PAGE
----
Dubai satellite captures image of Ramadan crescent 2018

An image of the Ramadan crescent captured by DubaiSat-2. (Mohammed bin Rashid Space Centre)
Updated 17 May 2018
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Dubai satellite captures image of Ramadan crescent 2018

LONDON: An image of the Ramadan crescent was captured by the Mohammed bin Rashid Space Center’s (MBRSC) remote sensing satellite DubaiSat-2 this week.

The image, released by MBRSC, was taken by rotating the earth observation satellite, a maneuver that took weeks of planning and hours of painstaking alignment.

Taken with a roll tilt angle of 0 degrees and roll pitch angle of 79.63 degrees, the final image was post-processed to highlight the crescent aspect of the moon.

DubaiSat-2 orbits Earth at a speed of 7.5 kilometers/ second, completing each total orbit of the planet in 90 minutes. Its camera images Earth from an altitude of some 600 kilometers at a resolution of 1 meter per pixel, providing world class images

The start of Ramadan is determined by the lunar calendar which follows a 29- or 30-day cycle determined by the cycle of the moon. Muslims anticipate the end of Shaaban, the month preceding Ramadan, by watching for the absence or presence of the crescent moon, which respectively indicates the continuation of Shaban or the beginning of Ramadan. 

Sighting of the Ramadan crescent can be achieved by three methods: through telescopes and binoculars; using astronomy; or viewing with the naked eye.


Anti-money-laundering body gives Iran until February to complete reforms

Updated 25 min ago
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Anti-money-laundering body gives Iran until February to complete reforms

  • The Financial Action Task Force said it was disappointed that Tehran had acted on only nine out of 10 of its guidelines despite pledges to make the grade

PARIS: The international group that monitors money laundering worldwide said on Friday Iran had until February to complete reforms that would bring it into line with global norms or face consequences.
The Paris-based Financial Action Task Force said after a meeting of its members that it was disappointed that Tehran had acted on only nine out of 10 of its guidelines despite pledges to make the grade.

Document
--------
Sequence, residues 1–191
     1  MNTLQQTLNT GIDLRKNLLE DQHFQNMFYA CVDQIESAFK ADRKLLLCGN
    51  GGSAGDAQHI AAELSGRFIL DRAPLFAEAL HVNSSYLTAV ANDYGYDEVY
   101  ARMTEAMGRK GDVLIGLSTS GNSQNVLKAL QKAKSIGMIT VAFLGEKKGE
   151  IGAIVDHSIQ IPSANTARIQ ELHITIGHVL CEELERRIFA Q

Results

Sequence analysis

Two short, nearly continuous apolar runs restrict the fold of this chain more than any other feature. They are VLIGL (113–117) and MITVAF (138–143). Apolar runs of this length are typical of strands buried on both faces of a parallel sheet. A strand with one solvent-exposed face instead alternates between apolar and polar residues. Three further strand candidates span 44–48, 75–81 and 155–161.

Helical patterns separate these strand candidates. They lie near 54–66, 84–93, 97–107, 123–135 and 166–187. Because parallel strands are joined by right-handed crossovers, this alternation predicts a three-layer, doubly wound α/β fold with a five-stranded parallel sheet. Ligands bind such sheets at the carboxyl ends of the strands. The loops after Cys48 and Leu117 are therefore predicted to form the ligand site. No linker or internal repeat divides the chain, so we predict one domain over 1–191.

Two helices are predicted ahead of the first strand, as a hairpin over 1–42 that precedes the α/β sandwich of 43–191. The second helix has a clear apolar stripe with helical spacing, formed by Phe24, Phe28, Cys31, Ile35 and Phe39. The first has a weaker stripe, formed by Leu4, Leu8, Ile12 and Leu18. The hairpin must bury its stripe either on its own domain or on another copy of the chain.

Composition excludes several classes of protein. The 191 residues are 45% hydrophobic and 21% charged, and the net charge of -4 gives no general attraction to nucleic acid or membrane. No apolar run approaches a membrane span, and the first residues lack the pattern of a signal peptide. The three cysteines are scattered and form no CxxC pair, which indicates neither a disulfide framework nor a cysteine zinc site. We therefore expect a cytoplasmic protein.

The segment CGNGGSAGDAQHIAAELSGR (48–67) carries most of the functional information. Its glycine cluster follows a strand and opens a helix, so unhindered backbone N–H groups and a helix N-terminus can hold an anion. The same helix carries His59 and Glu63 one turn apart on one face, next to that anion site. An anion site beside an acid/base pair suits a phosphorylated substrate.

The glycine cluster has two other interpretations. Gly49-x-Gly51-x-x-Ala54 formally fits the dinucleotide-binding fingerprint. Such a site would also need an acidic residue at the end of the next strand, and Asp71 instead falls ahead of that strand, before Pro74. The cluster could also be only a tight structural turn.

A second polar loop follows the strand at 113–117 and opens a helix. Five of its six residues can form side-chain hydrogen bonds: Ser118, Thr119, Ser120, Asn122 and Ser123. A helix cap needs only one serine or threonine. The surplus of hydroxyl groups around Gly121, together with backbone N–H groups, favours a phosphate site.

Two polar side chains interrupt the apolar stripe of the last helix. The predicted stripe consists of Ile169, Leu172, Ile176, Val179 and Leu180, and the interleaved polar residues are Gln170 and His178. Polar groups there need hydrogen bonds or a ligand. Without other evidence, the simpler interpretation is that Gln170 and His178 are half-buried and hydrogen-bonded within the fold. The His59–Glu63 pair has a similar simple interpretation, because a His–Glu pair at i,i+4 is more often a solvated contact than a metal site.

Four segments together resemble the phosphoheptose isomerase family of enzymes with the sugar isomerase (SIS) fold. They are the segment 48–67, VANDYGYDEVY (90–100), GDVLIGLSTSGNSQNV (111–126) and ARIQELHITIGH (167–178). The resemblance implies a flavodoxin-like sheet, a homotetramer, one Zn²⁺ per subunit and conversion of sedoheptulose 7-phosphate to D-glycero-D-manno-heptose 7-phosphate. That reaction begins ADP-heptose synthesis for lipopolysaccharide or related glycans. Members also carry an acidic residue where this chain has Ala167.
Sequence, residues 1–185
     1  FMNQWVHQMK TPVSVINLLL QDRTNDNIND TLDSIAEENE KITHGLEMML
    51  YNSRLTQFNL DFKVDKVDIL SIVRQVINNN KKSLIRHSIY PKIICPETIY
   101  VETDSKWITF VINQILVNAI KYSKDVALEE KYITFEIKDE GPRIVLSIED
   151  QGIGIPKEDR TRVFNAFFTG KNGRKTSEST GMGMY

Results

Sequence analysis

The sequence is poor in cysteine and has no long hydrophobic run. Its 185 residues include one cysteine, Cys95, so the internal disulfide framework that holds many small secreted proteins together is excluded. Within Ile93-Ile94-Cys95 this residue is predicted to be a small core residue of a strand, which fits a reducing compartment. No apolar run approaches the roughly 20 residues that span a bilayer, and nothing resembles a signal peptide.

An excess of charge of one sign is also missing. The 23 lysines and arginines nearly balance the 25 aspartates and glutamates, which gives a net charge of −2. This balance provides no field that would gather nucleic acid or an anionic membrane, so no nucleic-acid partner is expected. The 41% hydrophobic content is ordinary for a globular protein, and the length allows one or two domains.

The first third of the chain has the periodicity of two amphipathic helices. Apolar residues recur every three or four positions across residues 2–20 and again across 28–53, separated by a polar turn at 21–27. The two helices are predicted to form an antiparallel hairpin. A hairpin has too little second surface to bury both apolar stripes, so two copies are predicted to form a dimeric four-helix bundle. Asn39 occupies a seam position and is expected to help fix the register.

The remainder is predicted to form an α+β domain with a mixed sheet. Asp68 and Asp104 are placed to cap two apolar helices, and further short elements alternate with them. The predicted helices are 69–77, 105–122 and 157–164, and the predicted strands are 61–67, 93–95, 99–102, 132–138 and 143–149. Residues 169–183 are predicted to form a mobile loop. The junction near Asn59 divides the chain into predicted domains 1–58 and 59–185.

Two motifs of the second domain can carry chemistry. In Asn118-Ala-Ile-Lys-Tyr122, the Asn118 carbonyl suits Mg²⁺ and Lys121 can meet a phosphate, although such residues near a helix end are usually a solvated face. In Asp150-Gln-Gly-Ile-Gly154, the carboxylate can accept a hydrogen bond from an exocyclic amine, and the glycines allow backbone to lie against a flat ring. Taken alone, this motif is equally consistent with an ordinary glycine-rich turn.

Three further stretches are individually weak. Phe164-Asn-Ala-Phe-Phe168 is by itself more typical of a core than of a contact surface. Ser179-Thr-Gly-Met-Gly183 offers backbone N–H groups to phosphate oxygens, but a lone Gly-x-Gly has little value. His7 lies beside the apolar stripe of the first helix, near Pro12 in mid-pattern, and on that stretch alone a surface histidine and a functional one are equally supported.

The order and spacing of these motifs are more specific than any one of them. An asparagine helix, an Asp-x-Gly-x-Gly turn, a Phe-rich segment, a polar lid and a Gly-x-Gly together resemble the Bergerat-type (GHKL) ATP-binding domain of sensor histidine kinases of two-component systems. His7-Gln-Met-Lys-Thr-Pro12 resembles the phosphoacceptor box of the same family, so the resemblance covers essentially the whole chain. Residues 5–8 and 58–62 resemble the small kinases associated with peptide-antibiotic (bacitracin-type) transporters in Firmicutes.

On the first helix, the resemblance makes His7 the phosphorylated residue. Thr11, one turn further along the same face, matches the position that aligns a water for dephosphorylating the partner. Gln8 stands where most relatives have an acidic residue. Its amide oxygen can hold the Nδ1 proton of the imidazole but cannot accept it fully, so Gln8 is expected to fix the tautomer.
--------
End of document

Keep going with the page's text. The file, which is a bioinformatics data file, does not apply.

“We expect Iran to move swiftly to implement the commitments that it undertook at a high level so long ago,” said Marshall Billingslea, the US assistant Treasury Secretary for terrorist financing, after chairing an FATF meeting.
“In line with that, we expect that it will have adopted all of these measures by February. If by February 2019 Iran has not yet done so, then we will take further steps,” he said.
In the meantime, the FATF said it had decided to continue suspending counter-measures, which can go as far as limiting or even banning transactions with a country.
Iran’s parliament approved some new measures against funding terrorism earlier this month under pressure to adopt international standards. But FATF said that it could only consider fully enacted legislation.
Members of FATF had already given Tehran until this month to bring its laws against money-laundering and funding of terrorism up to its guidelines.
Otherwise, Iran risked being returned to a blacklist of non-compliant countries that makes foreign investors and banks reluctant to deal with it.
Britain, France and Germany are trying to keep some financial channels open to Iran after the US pulled out of a 2015 nuclear deal in May and re-imposed sanctions.
Analysts say that inclusion on the FATF’s blacklist could effectively make that all but impossible.